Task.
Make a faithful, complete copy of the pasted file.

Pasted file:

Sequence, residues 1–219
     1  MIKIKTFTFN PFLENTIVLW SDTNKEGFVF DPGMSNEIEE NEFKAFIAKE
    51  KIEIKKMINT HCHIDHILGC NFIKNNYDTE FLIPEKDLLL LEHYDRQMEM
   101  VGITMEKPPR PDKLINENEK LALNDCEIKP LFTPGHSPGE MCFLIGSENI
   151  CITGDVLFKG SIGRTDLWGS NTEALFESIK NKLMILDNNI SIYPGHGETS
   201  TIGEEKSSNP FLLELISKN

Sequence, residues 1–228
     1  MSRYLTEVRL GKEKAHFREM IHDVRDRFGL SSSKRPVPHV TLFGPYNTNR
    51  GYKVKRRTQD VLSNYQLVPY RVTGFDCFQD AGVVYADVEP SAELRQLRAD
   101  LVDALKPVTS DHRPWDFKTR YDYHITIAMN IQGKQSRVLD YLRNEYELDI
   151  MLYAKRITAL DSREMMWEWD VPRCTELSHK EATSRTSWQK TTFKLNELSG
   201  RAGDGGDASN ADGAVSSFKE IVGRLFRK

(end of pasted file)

Sequence, residues 1–219
     1  MIKIKTFTFN PFLENTIVLW SDTNKEGFVF DPGMSNEIEE NEFKAFIAKE
    51  KIEIKKMINT HCHIDHILGC NFIKNNYDTE FLIPEKDLLL LEHYDRQMEM
   101  VGITMEKPPR PDKLINENEK LALNDCEIKP LFTPGHSPGE MCFLIGSENI
   151  CITGDVLFKG SIGRTDLWGS NTEALFESIK NKLMILDNNI SIYPGHGETS
   201  TIGEEKSSNP FLLELISKN

Sequence, residues 1–228
     1  MSRYLTEVRL GKEKAHFREM IHDVRDRFGL SSSKRPVPHV TLFGPYNTNR
    51  GYKVKRRTQD VLSNYQLVPY RVTGFDCFQD AGVVYADVEP SAELRQLRAD
   101  LVDALKPVTS DHRPWDFKTR YDYHITIAMN IQGKQSRVLD YLRNEYELDI
   151  MLYAKRITAL DSREMMWEWD VPRCTELSHK EATSRTSWQK TTFKLNELSG
   201  RAGDGGDASN ADGAVSSFKE IVGRLFRK